Author Xin Wang will discuss her text “The Cosmos Flickers for You,” which takes the warning contained in Liu Cixin’s Three-Body Problem trilogy as its starting point to consider the impulse behind the monumental inscriptions of Buddhist texts that adorn Chinese mountainsides. In doing so, Wang reflects on what it means to make a work of art that is to be received by nonhuman intelligences.

Lukas Brasiskis and Hallie Ayres, members of the Biennale’s curatorial team, will each discuss their respective texts, followed by a short screening of Yin-Ju Chen’s Beyond Right and Wrong, There is a Garden. I Will Meet You There (2023, 15 minutes), currently on view in the Biennale. In this film, Chen explores the material effects of spiritual, shamanic, and Buddhist practices as well as the metaphysical properties of consciousness. Drawing on a poem by the thirteenth-century Persian poet Rumi (from which the title is also taken), the film is the account of a healing process and a meditation on human suffering. Combining found footage, documentation from the artist’s own travels, and animations of the mythological centaur Chiron (renowned as a healer and prophet), Somewhere Beyond Right and Wrong… asks how spiritual practice can help us to move beyond individual subjectivity to perceive life and death from a cosmic perspective.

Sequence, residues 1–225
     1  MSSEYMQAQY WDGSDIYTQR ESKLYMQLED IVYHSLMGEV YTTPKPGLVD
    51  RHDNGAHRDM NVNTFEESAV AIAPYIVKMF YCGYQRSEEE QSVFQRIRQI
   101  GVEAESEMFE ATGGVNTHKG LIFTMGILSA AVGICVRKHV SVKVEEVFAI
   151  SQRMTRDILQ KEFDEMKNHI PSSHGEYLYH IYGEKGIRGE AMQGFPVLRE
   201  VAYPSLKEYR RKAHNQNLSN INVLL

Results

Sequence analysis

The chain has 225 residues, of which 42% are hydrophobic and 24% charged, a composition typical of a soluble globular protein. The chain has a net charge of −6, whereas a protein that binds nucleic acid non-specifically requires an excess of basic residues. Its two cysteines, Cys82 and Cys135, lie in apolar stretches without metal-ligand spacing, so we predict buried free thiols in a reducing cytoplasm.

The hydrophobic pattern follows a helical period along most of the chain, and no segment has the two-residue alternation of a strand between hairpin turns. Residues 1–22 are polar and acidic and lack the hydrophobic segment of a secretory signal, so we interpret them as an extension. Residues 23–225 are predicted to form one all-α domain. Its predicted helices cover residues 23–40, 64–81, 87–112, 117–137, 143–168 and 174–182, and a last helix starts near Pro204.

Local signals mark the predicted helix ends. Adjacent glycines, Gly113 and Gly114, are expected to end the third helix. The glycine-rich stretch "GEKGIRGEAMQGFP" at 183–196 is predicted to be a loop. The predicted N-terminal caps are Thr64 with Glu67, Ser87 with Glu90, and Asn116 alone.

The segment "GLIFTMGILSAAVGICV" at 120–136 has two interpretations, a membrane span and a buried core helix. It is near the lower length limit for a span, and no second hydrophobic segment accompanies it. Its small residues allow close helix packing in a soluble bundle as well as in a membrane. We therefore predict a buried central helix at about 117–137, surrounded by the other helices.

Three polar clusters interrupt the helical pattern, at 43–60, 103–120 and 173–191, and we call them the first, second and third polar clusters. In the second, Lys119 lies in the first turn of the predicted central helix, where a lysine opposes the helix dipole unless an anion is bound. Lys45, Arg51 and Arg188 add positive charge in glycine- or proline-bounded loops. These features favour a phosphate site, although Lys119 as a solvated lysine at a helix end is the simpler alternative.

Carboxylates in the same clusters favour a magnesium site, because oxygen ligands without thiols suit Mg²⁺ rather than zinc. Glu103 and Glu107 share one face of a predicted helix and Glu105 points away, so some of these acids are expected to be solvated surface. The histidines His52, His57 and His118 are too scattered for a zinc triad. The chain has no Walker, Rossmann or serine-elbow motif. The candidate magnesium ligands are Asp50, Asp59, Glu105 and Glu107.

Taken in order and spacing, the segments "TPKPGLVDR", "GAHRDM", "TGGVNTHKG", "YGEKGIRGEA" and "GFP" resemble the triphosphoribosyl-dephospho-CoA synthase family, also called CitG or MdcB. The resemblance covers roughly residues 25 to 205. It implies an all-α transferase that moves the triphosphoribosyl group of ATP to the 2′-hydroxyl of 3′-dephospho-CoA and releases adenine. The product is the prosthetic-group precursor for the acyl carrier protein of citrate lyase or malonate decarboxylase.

The evening will conclude with light refreshments.

e-flux journal is a monthly art publication featuring writings by some of the most engaged artists and thinkers working today. Its Issue #142: Cosmos Cinema (February 2024) is guest edited by Ben Eastham and features contributions by Anton Vidokle, Christina Kiaer, Ekaterina Kulinicheva, Hallie Ayres, Xin Wang, Elena Vogman, Zhen Zhang, Jonas Staal, Lukas Brasiskis, Zairong Xiang, and Arseny Zhilyaev. Read or download the issue here.

For more information, please contact program@e-flux.com.

Accessibility            
–Two flights of stairs lead up to the building’s front entrance at 172 Classon Avenue.